Small and Scattered

This move to smaller-scale distributed FACTS solutions has other implications as well: they can be added quickly to both transmission and distribution substations, with minimal space requirements. They can also be deployed near the edge of the grid at distribution substations or even on local feeders where renewables and electric vehicle charging installations are stressing the local grid in ways that were not imagined when the distribution grid was originally installed.  Startup companies like Varentec Inc. are now introducing pole-mounted mini-FACTS systems.  These systems are wired into the transformer with wireless communications, enabling edge-of-grid corrections in near real-time, far beyond the local centrally controlled substation.

When I started my latest research on FACTS technologies, I imagined that they would be limited to the big iron at thousands of high-voltage transmission system substations where SC, SVC, and STATCOM technologies have been traditionally used.  It was eye-opening to see the emergence of FACTS technologies deployed on the distribution-level grid, where they are opening significant new markets for both traditional and emerging FACTS vendors.  Transmission system designs and technologies are covered in detail in Navigant Research’s report, High-Voltage Direct Current Transmission Systems.  In addition, recent Navigant Research reports, such as Emerging Wind Markets Assessment and Distributed Solar Energy Generation, cover the rapid adoption of distributed renewables in all regions of the world.  Over the next year, our Smart Utilities team will release a series of in-depth reports on the high-voltage transmission grid, starting with my upcoming report, Flexible AC Transmission Systems, which is expected to be released in 2Q 2014.


In the Real World, Smart Grid Programs Proving Themselves

— March 4, 2014

Two utilities on two continents are demonstrating the value of the latest technologies for helping residential customers reduce energy consumption and lower their costs.  This is important because often the benefits of smart grid technology have gone unnoticed or under-reported while stories highlighting the negative aspects of smart grid deployments gain attention.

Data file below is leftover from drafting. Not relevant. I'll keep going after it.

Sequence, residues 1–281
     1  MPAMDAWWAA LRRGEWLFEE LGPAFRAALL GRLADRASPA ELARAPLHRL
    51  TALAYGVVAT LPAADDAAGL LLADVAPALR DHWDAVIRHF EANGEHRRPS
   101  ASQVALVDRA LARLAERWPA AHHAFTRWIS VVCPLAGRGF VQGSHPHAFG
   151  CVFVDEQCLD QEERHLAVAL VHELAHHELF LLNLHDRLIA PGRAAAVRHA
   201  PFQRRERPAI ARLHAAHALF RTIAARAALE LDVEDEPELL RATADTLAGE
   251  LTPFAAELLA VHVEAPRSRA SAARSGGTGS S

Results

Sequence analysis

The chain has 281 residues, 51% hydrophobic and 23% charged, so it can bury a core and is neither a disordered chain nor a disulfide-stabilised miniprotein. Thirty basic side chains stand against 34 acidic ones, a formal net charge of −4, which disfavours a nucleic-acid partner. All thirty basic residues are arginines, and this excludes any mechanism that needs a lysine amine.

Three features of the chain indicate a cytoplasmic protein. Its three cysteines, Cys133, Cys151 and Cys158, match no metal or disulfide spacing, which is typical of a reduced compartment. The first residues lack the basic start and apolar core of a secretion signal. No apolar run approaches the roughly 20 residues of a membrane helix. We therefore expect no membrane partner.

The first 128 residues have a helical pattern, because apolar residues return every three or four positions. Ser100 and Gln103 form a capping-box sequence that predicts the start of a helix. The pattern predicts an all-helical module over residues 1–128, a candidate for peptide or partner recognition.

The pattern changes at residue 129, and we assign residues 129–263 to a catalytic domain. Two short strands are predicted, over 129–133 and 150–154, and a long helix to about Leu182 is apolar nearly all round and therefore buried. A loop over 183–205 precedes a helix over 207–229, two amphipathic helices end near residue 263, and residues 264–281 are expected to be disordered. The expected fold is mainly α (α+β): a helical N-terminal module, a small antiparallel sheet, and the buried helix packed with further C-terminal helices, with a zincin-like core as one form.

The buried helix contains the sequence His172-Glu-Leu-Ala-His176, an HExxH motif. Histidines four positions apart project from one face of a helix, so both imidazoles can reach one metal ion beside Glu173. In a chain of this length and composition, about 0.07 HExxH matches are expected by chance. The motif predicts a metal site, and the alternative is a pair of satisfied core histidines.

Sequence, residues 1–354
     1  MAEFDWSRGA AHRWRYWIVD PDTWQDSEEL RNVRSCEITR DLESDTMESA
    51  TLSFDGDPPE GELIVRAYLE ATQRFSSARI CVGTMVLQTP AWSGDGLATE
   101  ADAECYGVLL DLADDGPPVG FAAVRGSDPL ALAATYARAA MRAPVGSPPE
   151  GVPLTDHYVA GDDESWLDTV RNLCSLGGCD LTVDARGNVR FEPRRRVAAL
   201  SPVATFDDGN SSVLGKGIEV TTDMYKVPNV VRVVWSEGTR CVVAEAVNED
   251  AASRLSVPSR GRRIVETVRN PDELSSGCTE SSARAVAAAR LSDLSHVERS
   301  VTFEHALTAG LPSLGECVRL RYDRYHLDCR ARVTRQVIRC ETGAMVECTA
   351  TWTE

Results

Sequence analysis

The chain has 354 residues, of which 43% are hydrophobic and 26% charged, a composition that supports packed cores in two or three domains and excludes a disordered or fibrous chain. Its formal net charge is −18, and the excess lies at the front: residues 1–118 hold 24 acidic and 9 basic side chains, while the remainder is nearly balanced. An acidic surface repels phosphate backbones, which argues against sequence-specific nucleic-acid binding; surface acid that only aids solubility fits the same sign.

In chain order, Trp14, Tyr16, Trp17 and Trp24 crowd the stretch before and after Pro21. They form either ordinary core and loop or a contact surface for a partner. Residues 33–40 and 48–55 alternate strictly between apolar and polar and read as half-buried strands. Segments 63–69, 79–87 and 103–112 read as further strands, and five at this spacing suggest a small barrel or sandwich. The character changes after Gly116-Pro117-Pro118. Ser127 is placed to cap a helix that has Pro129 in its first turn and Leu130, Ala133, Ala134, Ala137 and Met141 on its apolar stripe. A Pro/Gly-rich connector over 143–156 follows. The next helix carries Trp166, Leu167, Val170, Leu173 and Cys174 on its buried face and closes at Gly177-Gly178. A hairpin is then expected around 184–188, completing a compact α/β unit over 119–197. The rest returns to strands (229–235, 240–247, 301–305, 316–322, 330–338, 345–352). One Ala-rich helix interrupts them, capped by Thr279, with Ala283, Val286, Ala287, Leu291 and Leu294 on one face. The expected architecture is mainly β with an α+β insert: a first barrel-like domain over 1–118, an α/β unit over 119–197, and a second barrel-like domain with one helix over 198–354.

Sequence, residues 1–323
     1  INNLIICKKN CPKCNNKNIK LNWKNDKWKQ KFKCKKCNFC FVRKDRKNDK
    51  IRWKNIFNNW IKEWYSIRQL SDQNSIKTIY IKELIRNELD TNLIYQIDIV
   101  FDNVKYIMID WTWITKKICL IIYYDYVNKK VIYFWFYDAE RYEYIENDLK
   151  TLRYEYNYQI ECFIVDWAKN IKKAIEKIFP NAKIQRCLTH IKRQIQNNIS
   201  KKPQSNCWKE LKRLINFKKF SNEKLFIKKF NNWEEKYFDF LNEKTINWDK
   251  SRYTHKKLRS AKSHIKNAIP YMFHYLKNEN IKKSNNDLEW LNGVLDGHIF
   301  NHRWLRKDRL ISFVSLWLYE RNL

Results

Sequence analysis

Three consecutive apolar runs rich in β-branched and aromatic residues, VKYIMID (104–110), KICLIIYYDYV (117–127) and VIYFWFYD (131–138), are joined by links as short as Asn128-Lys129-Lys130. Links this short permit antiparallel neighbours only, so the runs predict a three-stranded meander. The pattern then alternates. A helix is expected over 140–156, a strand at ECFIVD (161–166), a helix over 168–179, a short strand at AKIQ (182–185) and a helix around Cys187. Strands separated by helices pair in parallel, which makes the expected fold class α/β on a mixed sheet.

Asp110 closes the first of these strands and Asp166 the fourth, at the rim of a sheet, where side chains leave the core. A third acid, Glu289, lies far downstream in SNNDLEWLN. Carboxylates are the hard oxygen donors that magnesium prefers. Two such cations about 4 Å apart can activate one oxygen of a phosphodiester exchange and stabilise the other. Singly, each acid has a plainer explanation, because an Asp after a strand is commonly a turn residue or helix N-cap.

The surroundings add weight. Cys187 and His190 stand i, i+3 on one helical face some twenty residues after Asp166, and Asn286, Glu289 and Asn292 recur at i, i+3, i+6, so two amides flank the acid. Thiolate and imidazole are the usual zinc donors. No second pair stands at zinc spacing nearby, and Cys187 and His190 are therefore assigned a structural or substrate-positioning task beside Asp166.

In the United Kingdom, British Gas says that 9 out of 10 customers report that smart meters have helped them better manage their energy consumption, according to a survey.  Results of the survey also show that 54% of respondents with a smart meter are saving money, in some cases up to £75 ($125) per year.  Also, data from smart meters has motivated 40% of customers to take some type of energy efficiency steps, such as adding insulation.  British Gas has deployed smart meters to about 1 million of its customers so far.  The mandated widespread deployment of smart meters is set to begin in the fall of 2015.

Low Overrides

Here in the United States, Nevada’s NV Energy says customers enrolled in its mPowered program reduced air conditioning use by 12% and whole-house electric consumption by about 6% per year.  Program participants receive an EcoFactor smart thermostat that connects the home’s AC system to a cloud-based efficiency and demand response (DR) service.  Participating households reduced their load by 3 kW to 3.5 kW in the first hour of DR events last year.  Customers can override a bump in temperature settings during a DR event if they want to not take part, keeping the home cooled at a level they prefer.  However, the rate of overrides has held steady at about 11% in the first hour and 7% in the second hour since the utility has been tracking this metric since 2008.